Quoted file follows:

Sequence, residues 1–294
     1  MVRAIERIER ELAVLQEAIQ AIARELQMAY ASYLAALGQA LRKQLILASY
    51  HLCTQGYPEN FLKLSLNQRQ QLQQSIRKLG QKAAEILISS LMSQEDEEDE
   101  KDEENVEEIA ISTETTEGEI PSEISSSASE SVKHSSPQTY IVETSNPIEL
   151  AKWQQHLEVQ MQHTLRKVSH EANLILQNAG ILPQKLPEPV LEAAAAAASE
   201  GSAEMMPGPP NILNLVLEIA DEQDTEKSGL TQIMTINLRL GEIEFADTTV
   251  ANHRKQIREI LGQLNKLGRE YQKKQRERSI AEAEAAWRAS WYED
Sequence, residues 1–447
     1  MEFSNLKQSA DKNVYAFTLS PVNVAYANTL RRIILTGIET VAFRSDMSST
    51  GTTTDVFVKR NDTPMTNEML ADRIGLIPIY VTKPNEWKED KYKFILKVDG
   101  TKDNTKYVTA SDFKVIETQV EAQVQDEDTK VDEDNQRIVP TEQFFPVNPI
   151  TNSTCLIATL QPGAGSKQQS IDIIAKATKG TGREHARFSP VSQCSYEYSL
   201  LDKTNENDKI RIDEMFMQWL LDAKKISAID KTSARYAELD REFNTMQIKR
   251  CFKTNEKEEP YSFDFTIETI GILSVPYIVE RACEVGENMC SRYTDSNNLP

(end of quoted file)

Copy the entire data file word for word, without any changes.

Sequence, residues 1–294
     1  MVRAIERIER ELAVLQEAIQ AIARELQMAY ASYLAALGQA LRKQLILASY
    51  HLCTQGYPEN FLKLSLNQRQ QLQQSIRKLG QKAAEILISS LMSQEDEEDE
   101  KDEENVEEIA ISTETTEGEI PSEISSSASE SVKHSSPQTY IVETSNPIEL
   151  AKWQQHLEVQ MQHTLRKVSH EANLILQNAG ILPQKLPEPV LEAAAAAASE
   201  GSAEMMPGPP NILNLVLEIA DEQDTEKSGL TQIMTINLRL GEIEFADTTV
   251  ANHRKQIREI LGQLNKLGRE YQKKQRERSI AEAEAAWRAS WYED
Sequence, residues 1–447
     1  MEFSNLKQSA DKNVYAFTLS PVNVAYANTL RRIILTGIET VAFRSDMSST
    51  GTTTDVFVKR NDTPMTNEML ADRIGLIPIY VTKPNEWKED KYKFILKVDG
   101  TKDNTKYVTA SDFKVIETQV EAQVQDEDTK VDEDNQRIVP TEQFFPVNPI
   151  TNSTCLIATL QPGAGSKQQS IDIIAKATKG TGREHARFSP VSQCSYEYSL
   201  LDKTNENDKI RIDEMFMQWL LDAKKISAID KTSARYAELD REFNTMQIKR
   251  CFKTNEKEEP YSFDFTIETI GILSVPYIVE RACEVGENMC SRYTDSNNLP